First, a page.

Days like today I find myself oddly happy that I am a working momma. It would seem that I imbibed a bit too much wine last night at a First Communion celebration we attended for our friends child. It was so nice to be out with adults in a social setting. We really do not do that enough. By around 730 Nikki had munched chicken, potatoes, and fruit (shes loves food!), and had bathed in the attention of everyone around her but was starting to get very tired. Usually she is in bed by 730, and boy, does she love her sleep. Since adult dinner had not yet been served we called my mother in law and sent baby home to bed while we enjoyed another 2.5 hours of food, friends, and … wine.
Oomph, I am hurting today. It’s a lovely perk of getting older to feel like death after a few glasses of wine – despite a handful of Advil and being in bed by 10 anyway. There are no words to describe how happy I am that I am sitting in my office, where I can close the door and work in silence – occasionally spacing out – and drinking too much coffee. Nobody is screaming “MAMA” because its their favorite word of the five they know. Nobody is clinging to me as I drag myself to the coffee pot for more liquid life. Nobody is toddling their way into the bathroom while I try to pee in peace.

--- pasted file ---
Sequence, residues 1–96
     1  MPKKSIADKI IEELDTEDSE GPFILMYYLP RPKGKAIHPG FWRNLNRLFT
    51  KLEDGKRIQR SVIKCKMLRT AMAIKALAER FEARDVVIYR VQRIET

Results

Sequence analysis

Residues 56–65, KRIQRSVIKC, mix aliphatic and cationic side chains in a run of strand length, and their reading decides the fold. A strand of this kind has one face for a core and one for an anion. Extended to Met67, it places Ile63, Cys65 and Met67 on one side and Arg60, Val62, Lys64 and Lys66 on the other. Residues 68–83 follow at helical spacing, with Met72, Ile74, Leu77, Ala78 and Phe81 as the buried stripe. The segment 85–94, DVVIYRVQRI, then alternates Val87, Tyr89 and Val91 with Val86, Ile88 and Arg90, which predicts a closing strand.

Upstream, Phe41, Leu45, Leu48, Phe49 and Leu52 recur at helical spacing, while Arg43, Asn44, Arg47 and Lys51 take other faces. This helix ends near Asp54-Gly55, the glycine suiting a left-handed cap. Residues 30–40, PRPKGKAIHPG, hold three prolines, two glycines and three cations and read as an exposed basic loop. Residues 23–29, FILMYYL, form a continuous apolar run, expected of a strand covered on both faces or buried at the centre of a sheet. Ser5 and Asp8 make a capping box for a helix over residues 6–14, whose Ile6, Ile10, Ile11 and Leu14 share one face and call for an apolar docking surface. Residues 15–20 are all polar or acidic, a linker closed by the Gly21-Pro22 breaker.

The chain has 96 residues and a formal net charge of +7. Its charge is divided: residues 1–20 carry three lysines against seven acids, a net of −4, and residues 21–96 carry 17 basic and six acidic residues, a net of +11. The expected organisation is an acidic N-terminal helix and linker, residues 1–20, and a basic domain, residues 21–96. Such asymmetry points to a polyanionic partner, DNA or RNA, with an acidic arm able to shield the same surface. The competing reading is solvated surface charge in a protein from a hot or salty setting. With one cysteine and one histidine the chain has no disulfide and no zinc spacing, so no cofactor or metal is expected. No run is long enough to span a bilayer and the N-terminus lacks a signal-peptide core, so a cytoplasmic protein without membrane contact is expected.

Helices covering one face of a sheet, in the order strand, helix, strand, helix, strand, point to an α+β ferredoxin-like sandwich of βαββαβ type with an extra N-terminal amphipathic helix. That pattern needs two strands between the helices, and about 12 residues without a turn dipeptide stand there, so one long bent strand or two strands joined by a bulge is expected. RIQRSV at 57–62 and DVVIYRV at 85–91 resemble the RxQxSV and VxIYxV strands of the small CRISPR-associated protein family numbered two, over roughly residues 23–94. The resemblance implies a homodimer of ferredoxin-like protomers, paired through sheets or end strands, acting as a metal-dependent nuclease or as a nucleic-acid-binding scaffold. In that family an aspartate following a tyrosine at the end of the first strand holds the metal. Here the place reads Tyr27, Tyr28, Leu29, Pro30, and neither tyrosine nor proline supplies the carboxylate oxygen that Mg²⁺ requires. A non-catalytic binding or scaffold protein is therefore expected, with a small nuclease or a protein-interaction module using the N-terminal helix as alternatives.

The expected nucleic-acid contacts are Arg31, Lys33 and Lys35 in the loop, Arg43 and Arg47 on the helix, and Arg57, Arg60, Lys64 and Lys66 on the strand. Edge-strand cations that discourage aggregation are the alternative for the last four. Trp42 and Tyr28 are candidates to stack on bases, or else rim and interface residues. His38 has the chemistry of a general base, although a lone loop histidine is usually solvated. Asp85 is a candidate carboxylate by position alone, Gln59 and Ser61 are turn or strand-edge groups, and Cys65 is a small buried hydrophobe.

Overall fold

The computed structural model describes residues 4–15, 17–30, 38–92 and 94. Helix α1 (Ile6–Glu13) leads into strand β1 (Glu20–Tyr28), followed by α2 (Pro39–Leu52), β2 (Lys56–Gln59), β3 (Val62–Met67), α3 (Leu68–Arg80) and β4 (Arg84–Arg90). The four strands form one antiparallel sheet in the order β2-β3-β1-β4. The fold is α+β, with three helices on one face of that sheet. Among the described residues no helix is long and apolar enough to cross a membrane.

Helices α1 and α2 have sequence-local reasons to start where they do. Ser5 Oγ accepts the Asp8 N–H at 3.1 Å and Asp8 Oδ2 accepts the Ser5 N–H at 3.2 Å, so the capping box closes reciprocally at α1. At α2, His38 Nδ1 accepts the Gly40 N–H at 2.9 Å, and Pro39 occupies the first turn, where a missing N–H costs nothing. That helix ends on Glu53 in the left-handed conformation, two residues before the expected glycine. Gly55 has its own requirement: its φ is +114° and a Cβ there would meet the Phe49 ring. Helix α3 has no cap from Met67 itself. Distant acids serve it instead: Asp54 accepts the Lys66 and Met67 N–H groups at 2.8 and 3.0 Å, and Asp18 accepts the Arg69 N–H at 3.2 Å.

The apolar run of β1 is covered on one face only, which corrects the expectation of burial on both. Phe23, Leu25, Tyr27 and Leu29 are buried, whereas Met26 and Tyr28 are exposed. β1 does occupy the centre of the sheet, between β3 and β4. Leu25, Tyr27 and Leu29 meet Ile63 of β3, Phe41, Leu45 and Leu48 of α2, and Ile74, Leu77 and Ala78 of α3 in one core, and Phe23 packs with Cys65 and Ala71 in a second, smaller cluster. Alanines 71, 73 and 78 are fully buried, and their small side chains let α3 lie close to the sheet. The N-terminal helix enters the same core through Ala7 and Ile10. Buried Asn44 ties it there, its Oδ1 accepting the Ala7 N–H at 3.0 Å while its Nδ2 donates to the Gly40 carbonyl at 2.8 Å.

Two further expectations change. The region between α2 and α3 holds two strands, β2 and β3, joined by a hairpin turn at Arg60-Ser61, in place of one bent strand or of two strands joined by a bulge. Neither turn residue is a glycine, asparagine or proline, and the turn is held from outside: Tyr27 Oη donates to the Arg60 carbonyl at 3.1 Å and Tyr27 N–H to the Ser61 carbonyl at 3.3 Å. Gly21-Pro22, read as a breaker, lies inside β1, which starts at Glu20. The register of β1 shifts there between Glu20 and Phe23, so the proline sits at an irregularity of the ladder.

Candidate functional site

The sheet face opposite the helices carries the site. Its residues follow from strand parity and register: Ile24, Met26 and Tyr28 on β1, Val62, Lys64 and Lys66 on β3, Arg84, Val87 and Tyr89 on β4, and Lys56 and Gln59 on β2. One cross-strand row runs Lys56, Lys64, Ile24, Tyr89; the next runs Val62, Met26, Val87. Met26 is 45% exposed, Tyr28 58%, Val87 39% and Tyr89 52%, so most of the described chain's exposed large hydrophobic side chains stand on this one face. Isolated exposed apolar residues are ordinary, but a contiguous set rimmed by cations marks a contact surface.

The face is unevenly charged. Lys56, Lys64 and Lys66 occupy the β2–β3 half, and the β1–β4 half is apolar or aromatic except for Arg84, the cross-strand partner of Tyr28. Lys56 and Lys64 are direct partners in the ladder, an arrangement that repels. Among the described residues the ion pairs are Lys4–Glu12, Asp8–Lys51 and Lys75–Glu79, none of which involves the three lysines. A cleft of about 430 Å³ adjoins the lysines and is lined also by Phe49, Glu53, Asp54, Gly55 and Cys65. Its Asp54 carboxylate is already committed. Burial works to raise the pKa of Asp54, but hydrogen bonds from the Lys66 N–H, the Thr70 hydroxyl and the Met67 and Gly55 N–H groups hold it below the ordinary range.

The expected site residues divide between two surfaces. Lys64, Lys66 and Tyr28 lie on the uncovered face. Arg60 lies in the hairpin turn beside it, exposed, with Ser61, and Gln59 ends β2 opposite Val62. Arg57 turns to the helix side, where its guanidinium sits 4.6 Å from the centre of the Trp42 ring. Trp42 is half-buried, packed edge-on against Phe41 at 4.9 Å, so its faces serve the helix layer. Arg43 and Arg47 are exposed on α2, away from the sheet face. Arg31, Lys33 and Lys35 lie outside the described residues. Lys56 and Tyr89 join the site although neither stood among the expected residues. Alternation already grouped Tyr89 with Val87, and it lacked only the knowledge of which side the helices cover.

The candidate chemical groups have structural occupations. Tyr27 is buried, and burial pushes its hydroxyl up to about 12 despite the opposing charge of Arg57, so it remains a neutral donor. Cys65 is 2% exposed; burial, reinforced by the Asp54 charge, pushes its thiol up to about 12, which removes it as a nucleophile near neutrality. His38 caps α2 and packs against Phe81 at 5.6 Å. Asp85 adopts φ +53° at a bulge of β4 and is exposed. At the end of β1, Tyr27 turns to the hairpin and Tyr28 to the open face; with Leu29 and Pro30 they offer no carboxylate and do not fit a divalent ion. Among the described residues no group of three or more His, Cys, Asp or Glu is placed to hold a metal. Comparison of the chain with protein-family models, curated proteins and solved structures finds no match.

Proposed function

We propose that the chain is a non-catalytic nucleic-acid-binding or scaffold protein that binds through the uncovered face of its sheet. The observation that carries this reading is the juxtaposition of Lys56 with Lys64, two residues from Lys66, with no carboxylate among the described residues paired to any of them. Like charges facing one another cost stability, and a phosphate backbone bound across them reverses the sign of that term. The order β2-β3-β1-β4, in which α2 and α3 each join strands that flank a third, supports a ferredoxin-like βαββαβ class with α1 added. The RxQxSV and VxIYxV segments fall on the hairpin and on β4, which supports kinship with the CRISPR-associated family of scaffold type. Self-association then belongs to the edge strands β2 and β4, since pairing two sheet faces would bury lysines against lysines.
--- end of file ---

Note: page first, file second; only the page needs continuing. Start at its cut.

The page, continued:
There is apparently a good deal of “mommy shaming” and judgement from both teams when it comes to stay at home vs working parenting. I never really understood this because being a mom is a full time job whether or not you leave the home for a career each day. That is a bonafide fact, my friends.
Whether to stay home or go to work is a decision that varies depending on the needs of each family. I live in NYC where the reality is that 2 incomes are necessary to give our child the life we want. Perhaps we could downgrade our expectations and I would be able to stay home, but that was never really an option for us. I am also fortunate enough that I have minimal child care costs because we have large families willing to help out.
My situation is unique to my family. I have never felt the slightest urge to judge women who make a decision to stay home with their children. I would never in a million years think or say that those women somehow had it easier than me. That woman has just as much a full time job as any of us. I know plenty of these bad-ass household warrior mommas also face concerns and question their decisions. Perhaps they struggle with giving up their careers or losing touch with their dreams to raise their family. They miss daily social interactions with other adults, and sometimes feel like life is passing them by. I was able to stay home with Nikki for a while and in many ways I found staying home to be much harder than being in-office every day.